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  • Doreen King

Dandelions. It's what's for dinner.


When I told my friend Gina that I was writing my next post about dandelions, she said,"Great! So, how do you get rid of them?" Wasn't she suprised when I replied, "You eat them!" Dandelions are the delight of many young children, often the first "flower" they pick into a beautiful bouquet. They symbolize clarity, illumination, and survival, and is a tonic herb aiding digestion, supporting liver function, and maintaining urinary health. When the leaves are young and tender, they add texture and a nice punch to salad greens. When steamed, the flower tastes a lot like artichokes. Even the root is edible and when roasted, it's an excellent addition to medicinal teas, with a flavor similar to coffee...without the caffeine. So, in honor of my foodie friend Gina, and in hopes that you all might forego the herbicides this Spring as your lawns turn green (and yellow with white puff balls), I'll pass along this recipe that I adapted from my instructor, Demetria Clark.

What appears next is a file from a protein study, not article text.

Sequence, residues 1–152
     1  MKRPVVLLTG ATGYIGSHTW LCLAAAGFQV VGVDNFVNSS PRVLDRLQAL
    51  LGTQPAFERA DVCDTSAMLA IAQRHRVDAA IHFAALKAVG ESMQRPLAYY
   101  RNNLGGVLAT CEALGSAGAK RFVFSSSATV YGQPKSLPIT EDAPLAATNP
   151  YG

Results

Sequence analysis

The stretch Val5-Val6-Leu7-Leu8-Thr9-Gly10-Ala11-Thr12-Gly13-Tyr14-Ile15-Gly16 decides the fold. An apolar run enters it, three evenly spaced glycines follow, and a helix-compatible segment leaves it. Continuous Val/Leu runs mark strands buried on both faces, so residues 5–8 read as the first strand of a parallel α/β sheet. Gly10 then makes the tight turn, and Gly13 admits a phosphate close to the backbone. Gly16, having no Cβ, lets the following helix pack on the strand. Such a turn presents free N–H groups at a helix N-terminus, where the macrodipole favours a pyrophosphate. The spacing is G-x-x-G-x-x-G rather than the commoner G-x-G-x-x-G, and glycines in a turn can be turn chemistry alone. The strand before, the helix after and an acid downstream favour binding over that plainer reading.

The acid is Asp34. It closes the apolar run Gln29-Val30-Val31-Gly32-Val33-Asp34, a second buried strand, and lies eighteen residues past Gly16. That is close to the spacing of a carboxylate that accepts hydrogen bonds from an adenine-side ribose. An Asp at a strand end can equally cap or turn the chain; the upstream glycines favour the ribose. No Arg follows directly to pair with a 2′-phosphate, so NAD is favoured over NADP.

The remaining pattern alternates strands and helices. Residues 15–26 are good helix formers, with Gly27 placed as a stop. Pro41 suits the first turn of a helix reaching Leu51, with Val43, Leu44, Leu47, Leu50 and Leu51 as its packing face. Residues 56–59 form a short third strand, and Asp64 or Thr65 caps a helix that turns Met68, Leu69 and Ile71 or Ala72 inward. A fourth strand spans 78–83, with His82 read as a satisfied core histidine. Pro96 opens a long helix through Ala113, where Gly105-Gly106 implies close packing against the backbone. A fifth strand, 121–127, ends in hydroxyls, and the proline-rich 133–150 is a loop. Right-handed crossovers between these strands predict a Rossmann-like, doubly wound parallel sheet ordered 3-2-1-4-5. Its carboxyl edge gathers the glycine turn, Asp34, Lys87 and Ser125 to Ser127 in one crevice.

Sauteed Dandelion Greens

2 cups cleaned dandelion leaves

1/4 cup chopped sweet onion (vadalia or walla walla are my favorites)

1 or 2 cloves of garlic, minced

1 cup mushrooms

1T olive oil

2T pine nuts (or slivered almonds)

Sautee garlic and onions in the olive oil until soft and aromatic. Add mushrooms and sautee another minute or 2. Add dandelion greens and reduce heat to low. Allow greens to steam for 15 - 20 minutes adding a tablespoon of water as needed to prevent scorching (the older the greens, the longer they should steam). Remove from heat and serve with a sprinkling of pine nuts.


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